I’ve been avoiding you.
I’m tired of the emotional roller coaster life has been. I prefer a mellow drama to a melodrama.
It is Easter Sunday. It's an important day in my religious calendar, one which always gives me much to reflect on, consider, contemplate.
The struggles which face my family are still here, still urgent, though Brenda has had a couple of good days here and there, testimony to the power of prayer.
Life is messy. Sometimes it is beyond messy, it is dirty, filthy, hurtful.
It isn’t supposed to be like this. It’s a beautiful world. We were created to be caretakers of it. We were to live peaceful lives among the wonders of creation, communing each evening with The Lord. But we mucked that up, that relationship. We mucked up the rest of it as well.
It seems to me I am wading calf deep in the messiness of life... skin problems, marital problems, legal challenges to my children. Challenges large, and irritations small. And just like when I wade too quickly in physical muck, these recent challenges threaten to trip me up.
But I remain steady. I just keep at what I know is true, my Lord, my shepherd.
In Oregon we have a lot of rivers. I am deeply involved in a project studying one of our local rivers, the Molalla. When crossing a river it is easy to get tripped up when the water reaches one’s thigh. The currents tug and push and swirl unexpectedly. When I cross such rivers I have found it easier to avoid stumbling by watching something steady on the bank ahead of me. I feel my way forward with my feet, and move slowly, methodically, toward a tree or a large rock. But if I let my eyes focus on the swirling waters tugging at my legs, then I can lose my sense of balance, I slip, fall.
It’s the same with life. If I focus too closely on the currents pushing against me I know I can slip.
I think that is what Brenda does. She becomes so focused on our challenges her faith waivers. I understand that.
Life is messy. And human beings have dirtied the waters of our lives just as much as we have dirtied the waters of the Willamette, the Mississippi, the Hudson.
I started studying the book of Job when our first child died. I thought it might give me insight into suffering. It did. Not so much about why we suffer, or how we might avoid it, but rather on how the faithful are to handle the difficulties of life.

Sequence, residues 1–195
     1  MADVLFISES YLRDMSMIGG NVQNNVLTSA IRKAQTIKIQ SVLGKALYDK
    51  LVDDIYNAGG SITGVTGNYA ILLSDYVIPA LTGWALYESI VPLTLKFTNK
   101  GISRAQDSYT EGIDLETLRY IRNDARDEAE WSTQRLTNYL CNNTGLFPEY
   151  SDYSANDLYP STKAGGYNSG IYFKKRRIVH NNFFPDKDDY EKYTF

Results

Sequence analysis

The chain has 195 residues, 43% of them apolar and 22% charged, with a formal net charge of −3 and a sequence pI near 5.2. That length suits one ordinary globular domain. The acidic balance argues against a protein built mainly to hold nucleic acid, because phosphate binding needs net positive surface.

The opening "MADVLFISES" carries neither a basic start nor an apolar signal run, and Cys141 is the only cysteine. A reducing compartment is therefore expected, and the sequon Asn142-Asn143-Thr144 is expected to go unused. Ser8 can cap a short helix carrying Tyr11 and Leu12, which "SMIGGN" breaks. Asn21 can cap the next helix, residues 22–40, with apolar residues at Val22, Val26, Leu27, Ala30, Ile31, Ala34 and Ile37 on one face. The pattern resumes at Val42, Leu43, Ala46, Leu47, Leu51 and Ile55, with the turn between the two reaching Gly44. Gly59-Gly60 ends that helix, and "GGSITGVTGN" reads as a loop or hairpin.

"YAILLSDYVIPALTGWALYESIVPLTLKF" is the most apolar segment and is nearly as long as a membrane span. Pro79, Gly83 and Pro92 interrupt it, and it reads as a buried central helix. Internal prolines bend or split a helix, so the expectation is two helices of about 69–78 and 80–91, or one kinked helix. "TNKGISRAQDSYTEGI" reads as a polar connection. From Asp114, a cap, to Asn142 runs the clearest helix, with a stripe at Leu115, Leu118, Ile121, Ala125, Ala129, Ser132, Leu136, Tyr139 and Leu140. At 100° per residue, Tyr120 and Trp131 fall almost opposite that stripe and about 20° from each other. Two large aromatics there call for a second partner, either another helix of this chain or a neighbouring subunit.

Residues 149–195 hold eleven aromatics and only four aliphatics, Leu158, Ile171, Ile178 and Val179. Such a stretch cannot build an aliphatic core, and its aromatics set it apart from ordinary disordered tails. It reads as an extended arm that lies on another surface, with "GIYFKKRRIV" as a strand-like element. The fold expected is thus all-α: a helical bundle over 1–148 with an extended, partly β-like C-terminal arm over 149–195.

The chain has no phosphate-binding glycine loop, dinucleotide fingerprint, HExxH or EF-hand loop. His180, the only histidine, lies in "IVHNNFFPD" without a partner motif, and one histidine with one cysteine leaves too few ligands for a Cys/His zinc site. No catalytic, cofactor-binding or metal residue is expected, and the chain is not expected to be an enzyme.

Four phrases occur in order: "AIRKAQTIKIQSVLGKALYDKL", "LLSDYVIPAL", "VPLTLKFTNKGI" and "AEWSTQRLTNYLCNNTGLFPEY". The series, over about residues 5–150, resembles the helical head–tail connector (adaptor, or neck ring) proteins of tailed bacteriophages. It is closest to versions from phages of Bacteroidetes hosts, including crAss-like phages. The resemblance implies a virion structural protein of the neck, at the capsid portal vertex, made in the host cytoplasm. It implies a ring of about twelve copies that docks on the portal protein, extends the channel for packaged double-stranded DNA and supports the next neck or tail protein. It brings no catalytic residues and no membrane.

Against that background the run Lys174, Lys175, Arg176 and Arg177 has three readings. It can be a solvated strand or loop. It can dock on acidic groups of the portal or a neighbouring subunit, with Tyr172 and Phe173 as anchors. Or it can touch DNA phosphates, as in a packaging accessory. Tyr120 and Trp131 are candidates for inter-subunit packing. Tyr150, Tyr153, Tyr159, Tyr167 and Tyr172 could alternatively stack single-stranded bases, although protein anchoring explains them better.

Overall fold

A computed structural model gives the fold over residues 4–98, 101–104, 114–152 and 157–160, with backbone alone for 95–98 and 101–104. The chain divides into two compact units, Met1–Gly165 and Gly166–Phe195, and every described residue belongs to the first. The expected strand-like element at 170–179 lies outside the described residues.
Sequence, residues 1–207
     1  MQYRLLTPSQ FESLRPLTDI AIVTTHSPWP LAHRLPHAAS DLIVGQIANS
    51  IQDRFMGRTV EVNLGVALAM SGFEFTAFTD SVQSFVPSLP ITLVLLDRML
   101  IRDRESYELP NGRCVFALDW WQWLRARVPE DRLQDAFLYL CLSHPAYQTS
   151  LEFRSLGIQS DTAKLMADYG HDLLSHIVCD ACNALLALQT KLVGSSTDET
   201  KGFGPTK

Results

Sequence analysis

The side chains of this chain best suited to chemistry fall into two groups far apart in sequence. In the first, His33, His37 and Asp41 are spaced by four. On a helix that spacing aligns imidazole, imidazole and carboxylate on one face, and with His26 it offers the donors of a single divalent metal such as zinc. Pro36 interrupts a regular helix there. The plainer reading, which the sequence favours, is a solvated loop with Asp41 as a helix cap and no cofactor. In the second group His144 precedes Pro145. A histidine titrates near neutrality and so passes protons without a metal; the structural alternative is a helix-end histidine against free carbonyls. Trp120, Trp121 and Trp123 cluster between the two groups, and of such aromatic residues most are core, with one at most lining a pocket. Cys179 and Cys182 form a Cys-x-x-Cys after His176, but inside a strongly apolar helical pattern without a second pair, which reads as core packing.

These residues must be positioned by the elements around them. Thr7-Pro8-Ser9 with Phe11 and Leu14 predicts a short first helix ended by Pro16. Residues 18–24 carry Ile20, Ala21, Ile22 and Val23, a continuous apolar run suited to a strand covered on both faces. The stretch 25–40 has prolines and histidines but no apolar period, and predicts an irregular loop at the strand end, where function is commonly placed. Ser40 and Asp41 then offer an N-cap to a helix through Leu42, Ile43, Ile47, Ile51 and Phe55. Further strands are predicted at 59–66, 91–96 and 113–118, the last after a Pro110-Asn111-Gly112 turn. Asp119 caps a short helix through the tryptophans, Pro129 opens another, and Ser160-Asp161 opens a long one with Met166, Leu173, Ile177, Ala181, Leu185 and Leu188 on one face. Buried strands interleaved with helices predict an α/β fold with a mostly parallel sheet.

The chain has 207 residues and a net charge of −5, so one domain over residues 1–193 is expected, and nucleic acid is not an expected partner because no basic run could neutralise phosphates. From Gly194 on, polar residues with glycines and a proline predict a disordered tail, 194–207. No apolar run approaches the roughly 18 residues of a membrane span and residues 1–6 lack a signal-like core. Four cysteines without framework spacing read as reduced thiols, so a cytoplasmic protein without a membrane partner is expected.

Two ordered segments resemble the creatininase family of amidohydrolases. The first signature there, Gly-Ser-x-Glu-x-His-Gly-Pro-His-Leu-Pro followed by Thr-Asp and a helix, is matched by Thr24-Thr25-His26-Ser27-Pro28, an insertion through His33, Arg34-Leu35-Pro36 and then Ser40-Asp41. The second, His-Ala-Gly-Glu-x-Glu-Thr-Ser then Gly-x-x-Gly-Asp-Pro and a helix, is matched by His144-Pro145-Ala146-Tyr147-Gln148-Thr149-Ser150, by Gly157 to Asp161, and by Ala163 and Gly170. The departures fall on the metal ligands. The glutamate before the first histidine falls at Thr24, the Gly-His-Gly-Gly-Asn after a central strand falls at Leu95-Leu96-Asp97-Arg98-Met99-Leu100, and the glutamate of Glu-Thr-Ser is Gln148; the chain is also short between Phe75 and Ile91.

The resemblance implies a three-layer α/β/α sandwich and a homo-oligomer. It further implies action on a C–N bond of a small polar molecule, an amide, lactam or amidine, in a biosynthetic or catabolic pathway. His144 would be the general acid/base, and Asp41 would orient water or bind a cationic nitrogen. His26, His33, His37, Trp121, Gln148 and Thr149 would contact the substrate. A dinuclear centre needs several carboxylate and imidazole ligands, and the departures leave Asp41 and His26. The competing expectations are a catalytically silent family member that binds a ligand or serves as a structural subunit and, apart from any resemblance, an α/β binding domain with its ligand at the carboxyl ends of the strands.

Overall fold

The answer is: stay true.
I know God is good, I have faith, and I will hold to that.
I despise what humans have done to this world, the nasty chemicals in our rivers, the pavement covering living soil, the melting glaciers. I despise the causes behind the drowning polar bears and the invasive species which choke the life along the banks of our lovely local river.
But it isn’t much different than all the nastiness which cover our lives, the suffering that comes from having freewill and the opportunities which spring from being free to take more than one’s share, to take control over that which should be free.
I am probably a much greater lover of science than most Christ followers, but the love of learning how the universe works does not blind me to the greatest truth of all. There is a creator who loves me. He took part in His creation by becoming a man and lived a life not so unlike my own. I know Him to be real because He lives within me.
So... I wade on, through the churning muck. Brenda’s emotions swing this way and that. I do not try to control where she goes, what she feels. I will continue to be supportive of her, love her. While I keep my eyes on the steady sight of my Lord on the far shore.
We have walked together for a long time. Or nearly together. We have traveled in the same direction, though perhaps it has been too often parallel paths. Perhaps we have even gotten out of sight of each other. I hope to keep our paths together, but I can not make her choices. We shall see.